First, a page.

The InvokerLocator merely indicates where and how clients can connect to the server. The server must create a Connector and start it in order to actually be live on the network. It does this by creating an org.jboss.remoting.transport.Connector, associating that Connector with our InvokerLocator URL, and then starting the Connector:

Connector connector = new Connector();

Once started, the Connector becomes live and ready to accept connections from clients. The Connector object is actually a valid JMX MBean, so it can be deployed in JBossAS using the configuration shown below. Note that while some of this XML performs the same function as the Java code above, it also provides additional functionality by defining the configuration of the invocation handler--see the next section for more details on this.

<mbean code="org.jboss.remoting.transport.Connector"
  <attribute name="InvokerLocator">
  <attribute name="Configuration">
      <handler subsystem="SUBSYS">

The question now becomes: what to do with the request when one comes in? That's where invocation handlers come in. When a Connector accepts an incoming request, it hands off that request to one of its invocation handlers. You plug your service-specific code into the JBoss Remoting framework by implementing org.jboss.remoting.ServerInvocationHandler and installing that handler into your Connector. The important method that you need to implement is ServerInvocationHandler.invoke(InvocationRequest). Within the invoke method, you perform the work your service actually needs to perform. The InvocationRequest encapsulates the data sent from the client--the invocation handler obtains the client data via InvocationRequest.getParameter():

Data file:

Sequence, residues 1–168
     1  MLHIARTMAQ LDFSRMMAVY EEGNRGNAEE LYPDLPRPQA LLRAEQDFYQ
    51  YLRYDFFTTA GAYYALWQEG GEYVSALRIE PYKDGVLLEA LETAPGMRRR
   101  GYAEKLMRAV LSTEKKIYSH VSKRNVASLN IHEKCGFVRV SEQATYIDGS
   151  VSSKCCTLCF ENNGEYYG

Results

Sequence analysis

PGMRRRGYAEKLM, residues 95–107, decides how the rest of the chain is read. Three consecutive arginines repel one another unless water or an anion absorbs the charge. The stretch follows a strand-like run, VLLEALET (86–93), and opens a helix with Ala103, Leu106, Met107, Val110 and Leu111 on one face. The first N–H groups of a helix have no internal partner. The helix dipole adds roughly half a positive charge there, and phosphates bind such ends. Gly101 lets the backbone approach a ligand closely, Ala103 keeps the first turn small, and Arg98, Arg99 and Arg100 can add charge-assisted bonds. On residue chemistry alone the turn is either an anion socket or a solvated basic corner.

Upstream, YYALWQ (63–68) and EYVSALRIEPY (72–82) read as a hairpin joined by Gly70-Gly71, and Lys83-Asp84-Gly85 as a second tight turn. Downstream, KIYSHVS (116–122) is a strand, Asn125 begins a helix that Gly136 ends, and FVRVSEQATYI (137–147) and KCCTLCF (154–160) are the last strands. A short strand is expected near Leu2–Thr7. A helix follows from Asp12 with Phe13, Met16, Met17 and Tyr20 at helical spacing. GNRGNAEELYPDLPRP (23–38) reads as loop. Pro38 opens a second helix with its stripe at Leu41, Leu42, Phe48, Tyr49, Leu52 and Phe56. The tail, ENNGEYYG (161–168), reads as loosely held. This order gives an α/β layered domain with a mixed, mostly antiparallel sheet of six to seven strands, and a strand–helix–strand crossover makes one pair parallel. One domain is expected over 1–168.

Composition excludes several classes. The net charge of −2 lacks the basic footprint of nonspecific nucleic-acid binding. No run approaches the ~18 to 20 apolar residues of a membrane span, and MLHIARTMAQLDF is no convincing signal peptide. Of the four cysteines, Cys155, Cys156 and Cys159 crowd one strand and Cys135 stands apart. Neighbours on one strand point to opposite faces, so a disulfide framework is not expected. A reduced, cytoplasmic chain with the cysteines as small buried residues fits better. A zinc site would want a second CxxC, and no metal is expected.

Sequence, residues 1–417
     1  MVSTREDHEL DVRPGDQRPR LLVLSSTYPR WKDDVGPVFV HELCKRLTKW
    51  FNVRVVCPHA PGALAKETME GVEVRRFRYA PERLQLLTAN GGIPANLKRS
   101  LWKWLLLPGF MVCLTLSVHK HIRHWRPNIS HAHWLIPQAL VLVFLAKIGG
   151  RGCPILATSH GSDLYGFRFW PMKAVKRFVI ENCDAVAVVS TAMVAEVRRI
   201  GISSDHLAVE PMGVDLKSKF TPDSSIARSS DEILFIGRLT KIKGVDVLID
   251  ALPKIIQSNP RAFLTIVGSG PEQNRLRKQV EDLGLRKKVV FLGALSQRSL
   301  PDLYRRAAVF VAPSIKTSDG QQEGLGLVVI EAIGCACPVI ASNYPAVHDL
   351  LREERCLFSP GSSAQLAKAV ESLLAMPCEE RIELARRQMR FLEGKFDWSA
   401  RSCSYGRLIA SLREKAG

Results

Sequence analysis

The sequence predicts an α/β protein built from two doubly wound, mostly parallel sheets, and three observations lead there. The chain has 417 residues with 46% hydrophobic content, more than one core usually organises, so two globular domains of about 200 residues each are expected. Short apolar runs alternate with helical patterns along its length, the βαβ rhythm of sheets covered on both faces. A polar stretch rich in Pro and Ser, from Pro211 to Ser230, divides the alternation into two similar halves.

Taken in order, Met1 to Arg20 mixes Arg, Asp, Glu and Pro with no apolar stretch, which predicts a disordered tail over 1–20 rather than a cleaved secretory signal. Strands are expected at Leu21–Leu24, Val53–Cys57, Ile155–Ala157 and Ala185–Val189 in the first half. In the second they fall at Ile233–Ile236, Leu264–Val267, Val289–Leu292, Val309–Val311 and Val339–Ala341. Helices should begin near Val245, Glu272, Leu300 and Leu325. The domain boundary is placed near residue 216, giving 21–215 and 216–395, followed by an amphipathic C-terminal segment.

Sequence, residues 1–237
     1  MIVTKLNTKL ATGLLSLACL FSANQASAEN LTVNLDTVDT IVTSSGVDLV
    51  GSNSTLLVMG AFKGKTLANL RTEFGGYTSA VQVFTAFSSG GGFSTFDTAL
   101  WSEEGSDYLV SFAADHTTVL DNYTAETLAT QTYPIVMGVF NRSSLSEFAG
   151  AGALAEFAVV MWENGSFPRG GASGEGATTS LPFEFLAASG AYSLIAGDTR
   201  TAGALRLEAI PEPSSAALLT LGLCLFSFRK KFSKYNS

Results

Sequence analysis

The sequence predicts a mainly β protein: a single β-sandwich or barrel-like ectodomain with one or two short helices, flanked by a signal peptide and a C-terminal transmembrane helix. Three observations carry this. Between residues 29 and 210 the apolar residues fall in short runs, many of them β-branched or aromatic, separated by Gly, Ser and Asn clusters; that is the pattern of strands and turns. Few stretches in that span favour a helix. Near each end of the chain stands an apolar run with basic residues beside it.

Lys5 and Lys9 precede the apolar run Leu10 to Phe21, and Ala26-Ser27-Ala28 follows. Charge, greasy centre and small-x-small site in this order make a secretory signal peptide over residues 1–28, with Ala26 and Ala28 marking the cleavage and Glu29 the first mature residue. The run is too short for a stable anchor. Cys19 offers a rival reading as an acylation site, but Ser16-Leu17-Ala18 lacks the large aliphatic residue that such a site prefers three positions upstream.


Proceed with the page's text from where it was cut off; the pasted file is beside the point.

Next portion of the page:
/** handler to simply echo incoming
    parameter's toString value */
public class MyHandler
    implements ServerInvocationHandler {
  public Object invoke(InvocationRequest invocation) {
    return "Echo:" + invocation.getParameter();

JBoss Remoting makes no assumptions about the thread safety of your handler code; it sends requests to your handler as soon as the requests come in. Therefore, to support concurrent request processing, you must make sure you write your handler with thread safety in mind--synchronizing code as necessary, for example.

Installing your invocation handler is simple. Immediately after starting the connector, you add your handlers via Connector.addInvocationHandler(String, ServerInvocationHandler):

                    new com.abc.MyHandler());

The Connector MBean's handlers can also be configured using the normal JBoss configuration file (see the example above). Note that you may install multiple handlers, which is useful in order to de-multiplex client requests to different subsystems. This article will not discuss subsystems in depth; however, the concept is simple to understand and use--check out the documentation found on the JBoss Remoting product web site for more. Suffice it to say each handler is associated with a subsystem (identified by a simple string). That is, a client can submit requests to a particular subsystem. If you like, you can ignore the subsystem concept entirely: a null subsystem is valid, and some APIs are overloaded such that you do not have to specify a subsystem.